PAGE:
Employers are asking, “are we getting the best graduates from your institution?” and the demand of trying to impress parents and alumni with producing the best programs, services, and practices to retain students and increase graduation rates.
“Do you have enough resources to do everything you want to do? The answer is usually no.” -Darby Roberts
Darby makes a good point. Assessment helps us dictate where to put the right resources at the right time for the right group of students ✅ . We cannot assess everything all at once, it’s impossible.
2. Challenge Excuses
We’ve heard most of the excuses for not being able to complete assessment.
“I don’t know how to do it.”
“I never went to a master’s program and learned assessment.”
“I already work 50+ hours a week and don’t have time for it.”
“It’s another project takes away from my time with students.”
Effective assessment is integrated into the work you’re already doing. There are plenty of resources (see our resource list below?? ) that will provide you with a starting point.
Assessment is about reflection. It’s about understanding what’s working with students and what’s not working.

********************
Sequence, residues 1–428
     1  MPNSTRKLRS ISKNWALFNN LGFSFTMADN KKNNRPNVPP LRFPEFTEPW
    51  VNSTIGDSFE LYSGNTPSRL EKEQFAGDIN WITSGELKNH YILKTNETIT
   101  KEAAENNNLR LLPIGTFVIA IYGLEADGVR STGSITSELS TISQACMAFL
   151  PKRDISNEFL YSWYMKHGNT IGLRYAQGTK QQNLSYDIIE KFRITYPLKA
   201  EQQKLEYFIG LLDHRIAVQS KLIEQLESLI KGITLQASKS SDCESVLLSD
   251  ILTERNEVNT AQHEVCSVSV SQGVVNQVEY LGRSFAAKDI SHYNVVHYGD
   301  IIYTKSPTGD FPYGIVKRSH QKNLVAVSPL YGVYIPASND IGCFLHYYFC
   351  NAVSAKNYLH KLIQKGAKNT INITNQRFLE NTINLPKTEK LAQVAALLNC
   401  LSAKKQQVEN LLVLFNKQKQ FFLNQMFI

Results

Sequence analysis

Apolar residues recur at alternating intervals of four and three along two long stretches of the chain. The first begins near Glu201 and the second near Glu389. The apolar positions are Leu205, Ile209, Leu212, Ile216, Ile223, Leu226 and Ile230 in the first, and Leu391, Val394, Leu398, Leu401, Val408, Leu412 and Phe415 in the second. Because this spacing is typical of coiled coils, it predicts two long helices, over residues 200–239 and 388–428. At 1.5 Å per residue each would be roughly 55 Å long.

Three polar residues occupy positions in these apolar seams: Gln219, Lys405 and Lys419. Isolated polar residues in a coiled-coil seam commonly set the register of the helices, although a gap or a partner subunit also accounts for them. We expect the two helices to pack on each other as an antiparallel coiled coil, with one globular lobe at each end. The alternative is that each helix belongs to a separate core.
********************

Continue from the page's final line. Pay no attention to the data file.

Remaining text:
Assessment gives us the foundation and motivational push to bring in new ideas and ensure we’re providing the best services for students.
3. Form an Assessment Tribe
Start small with senior leadership.
Accomplishing assessment tasks across a division or department are no easy feat. In order to accurately measure student learning, assessment must be integrated into work of all student affairs staff.
Yes – start small with assessment – get a small win quickly! It gives you assessconfidence and builds your competence! #higheredlive
— JMart (@jaymarjay) May 18, 2016
Darby explains how creating small wins will help onboard people to an assessment process faster. Accomplishing small goals brings you together as a team and makes tasks feel doable. Creating simple process at first helps lay a strong foundation, then breaking down larger tasks into manageable deadlines.
Get people excited from all over – top leadership to folks who work as new professionals or directly with students. Assessment shouldn’t feel like another burden of work or a dreaded to-do list item.
Remind employees that they won’t be punished for results they weren’t expecting.
“Don’t punish people or use it as a personnel evaluation. Results aren’t about person. Negative results doesn’t mean someone’s job is in jeopardy.” – Darby Roberts
4. Look Beyond Surveys
Tony shared information from a 2005 survey that indicated only 16% of Senior Student Affairs Officers (SSAOs) were proficient or above average in the area of research and assessment.
Our own Lindsay Murdock reminded us via the Twitter backchannel of #higheredlive that, yes, survey fatigue among students is too real. Take a serious look at all of the surveys your institution distributes to students. How can you cut down?
When you have the opportunity to collect information through a survey, keep it short when you’re looking to capture student’s attention.